Tumor lesions

Tumor lesions are relatively more common, observed in the upper aorta, in the “aortic window” and on the border of the aortic arch and the beginning of its descending part, in the region adjacent to the back surface of the left main bronchus. The location of areas of tumor lesions of the thoracic aorta is depicted in Figure 44.

The germination of all layers of the aorta wall by a lung tumor is considered evidence of a far-reaching blastomatous process and the maximum expansion of the intervention does not prolong the life of the patient. With this statement it is difficult to disagree. We add that, in addition to considerations of oncological expediency, the issue of the safety of surgical intervention is also urgent on the agenda. Opening the lumen of the aorta during attempts to separate a tumor from it is an extremely serious complication, accompanied by significant blood loss, with unpredictable consequences. Performing resection of the aortic wall with its subsequent plasty or prosthesis requires special equipment and organization of surgical intervention. Under normal conditions, in the presence of complete germination by the tumor of all layers of the aortic wall, it is advisable to refuse the operation.

However, as experience shows, it is not always easy to establish the presence of such a lesion, even during an intraoperative revision. The aortic wall is extremely tolerant to tumor lesion and often remains intact even with very

significant blastomatous changes in para-aortic tissues. In some cases, the tumor, germinating the adventitious membrane of the aortic wall, for a long time does not affect its middle and the inner lining, which, in contrast to the outer, does not have in its composition small blood vessels and lymphatic capillaries. This circumstance, apparently, can explain the fact that the tumor initially grows predominantly along the aorta through its adventitia, without affecting the deeper layers. The mechanical strength of the vessels of the elastic type, to which the aorta belongs, is mainly provided by the inner and, especially, the middle shells. The outer shell is thin. It is formed by unformed connective tissue containing collagen and elastic fibers. The adventitia is delimited from the middle aortic membrane by an outer elastic membrane, from which it can be separated for a considerable distance.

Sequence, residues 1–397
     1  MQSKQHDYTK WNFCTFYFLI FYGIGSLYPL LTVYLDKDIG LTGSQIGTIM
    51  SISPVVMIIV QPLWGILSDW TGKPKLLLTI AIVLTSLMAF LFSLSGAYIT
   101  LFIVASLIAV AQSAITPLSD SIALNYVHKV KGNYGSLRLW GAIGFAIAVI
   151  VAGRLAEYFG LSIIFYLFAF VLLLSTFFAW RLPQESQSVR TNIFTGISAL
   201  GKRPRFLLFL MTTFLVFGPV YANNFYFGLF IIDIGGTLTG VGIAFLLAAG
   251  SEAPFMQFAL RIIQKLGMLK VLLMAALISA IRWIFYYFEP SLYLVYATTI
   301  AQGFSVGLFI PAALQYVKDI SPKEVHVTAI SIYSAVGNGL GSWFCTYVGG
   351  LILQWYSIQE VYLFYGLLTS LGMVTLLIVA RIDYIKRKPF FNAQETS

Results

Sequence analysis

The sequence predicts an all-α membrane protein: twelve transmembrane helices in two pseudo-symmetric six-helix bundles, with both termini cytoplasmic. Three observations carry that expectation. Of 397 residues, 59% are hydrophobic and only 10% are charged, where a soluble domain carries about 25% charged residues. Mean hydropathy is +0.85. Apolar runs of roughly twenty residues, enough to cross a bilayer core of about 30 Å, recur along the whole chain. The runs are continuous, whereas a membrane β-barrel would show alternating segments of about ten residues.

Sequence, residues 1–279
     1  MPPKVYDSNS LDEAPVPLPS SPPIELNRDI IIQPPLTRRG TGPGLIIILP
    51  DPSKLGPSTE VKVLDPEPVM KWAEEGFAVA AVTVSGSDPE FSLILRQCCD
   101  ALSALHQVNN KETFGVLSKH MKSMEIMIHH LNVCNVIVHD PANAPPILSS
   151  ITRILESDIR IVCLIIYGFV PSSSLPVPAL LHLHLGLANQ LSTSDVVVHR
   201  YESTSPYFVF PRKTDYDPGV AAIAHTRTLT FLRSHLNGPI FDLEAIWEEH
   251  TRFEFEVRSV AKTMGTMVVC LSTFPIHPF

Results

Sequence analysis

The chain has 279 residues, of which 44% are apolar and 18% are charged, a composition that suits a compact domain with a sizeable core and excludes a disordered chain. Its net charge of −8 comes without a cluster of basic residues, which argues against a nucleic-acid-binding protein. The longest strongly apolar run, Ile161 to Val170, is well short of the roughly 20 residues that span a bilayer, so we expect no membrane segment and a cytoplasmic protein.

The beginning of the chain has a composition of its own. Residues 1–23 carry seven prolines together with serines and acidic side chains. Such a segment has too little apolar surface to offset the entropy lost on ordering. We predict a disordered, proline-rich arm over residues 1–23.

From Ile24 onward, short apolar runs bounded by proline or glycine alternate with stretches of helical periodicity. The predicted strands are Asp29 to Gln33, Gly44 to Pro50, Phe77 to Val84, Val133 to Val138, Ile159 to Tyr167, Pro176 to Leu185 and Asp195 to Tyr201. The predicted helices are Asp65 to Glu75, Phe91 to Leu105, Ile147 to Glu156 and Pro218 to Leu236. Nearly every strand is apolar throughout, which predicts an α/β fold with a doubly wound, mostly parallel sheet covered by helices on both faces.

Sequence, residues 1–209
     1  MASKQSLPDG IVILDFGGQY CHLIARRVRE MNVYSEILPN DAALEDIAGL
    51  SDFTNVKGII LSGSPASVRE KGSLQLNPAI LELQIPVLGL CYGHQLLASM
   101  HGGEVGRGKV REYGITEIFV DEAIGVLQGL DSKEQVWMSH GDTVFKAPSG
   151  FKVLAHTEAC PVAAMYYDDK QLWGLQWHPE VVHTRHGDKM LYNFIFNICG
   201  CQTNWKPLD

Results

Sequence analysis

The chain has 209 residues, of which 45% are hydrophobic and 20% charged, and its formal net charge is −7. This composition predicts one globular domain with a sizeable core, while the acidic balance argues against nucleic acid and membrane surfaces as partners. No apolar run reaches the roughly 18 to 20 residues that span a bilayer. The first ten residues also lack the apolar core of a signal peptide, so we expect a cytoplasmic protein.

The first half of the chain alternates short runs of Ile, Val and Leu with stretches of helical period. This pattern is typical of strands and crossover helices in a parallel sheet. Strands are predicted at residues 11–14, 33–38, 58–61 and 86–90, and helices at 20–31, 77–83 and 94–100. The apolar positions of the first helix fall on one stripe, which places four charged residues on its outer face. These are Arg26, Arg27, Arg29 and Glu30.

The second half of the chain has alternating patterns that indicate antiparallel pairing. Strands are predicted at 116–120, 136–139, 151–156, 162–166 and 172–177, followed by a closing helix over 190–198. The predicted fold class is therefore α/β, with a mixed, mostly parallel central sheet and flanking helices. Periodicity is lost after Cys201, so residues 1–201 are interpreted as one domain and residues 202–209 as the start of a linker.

The presence and extent of true tumor lesion of the aortic wall can be most fully assessed only during the operation, with careful preparation of the vessel. The main rule for isolating the aorta involved in the blastomatous process is the beginning of its preparation by the unchanged sections. The preparation is carried out sequentially in different layers — first, after opening the perivascular connective tissue sheath and, if they are convinced that the tumor grows into the aortic wall, the adventitious membrane is opened and separated. In the absence of tumor invasion into the deeper layers of the vessel, it is possible to determine a certain mobility of the tumor conglomerate with respect to the aorta. The size of the resected outer wall can be different: from 2×3 cm 2 up to 7 cm in length and 1/3 of the circumference of the vessel. If we are convinced that there is germination of the tumor in the deep layers of the vessel, then it is better to refuse to perform the resection. The exception, from our point of view, can only be cases where there is limited tumor invasion by the tumor of the descending part of the thoracic aorta and it is possible to impose an aortic clamp and perform marginal resection without significant narrowing of the vessel lumen.

Of the 34 patients operated in the clinic, 24 had resection of the aortic adventitious membrane at different lengths without opening the vessel lumen. In 10 patients, resection of the aortic wall was accompanied by the opening of its lumen. In 6 cases, the planned regional resection of the descending aorta was performed, followed by closure of the defect with a vascular suture. In 4 patients, the opening of the vessel lumen occurred during its isolation from the tumor conglomerate. A resection was performed, except for the adventitia, and the deeper layers, successively taking in the resulting defect in the aortic wall. Such operations are always highly traumatic, accompanied by significant blood loss. One of these patients died during the operation from massive blood loss resulting from damage to the aortic wall.

After performing resections, especially extensive, adventitious membrane, it is advisable to strengthen the aortic wall with its own surrounding tissues or alloplastic materials. The clinic uses for this purpose the anti-bacterial polycapromide mesh “Ampoxen” or a portion of the aortic vascular prosthesis, which are stitched to the edge of the adventitia or para-aortic tissues.

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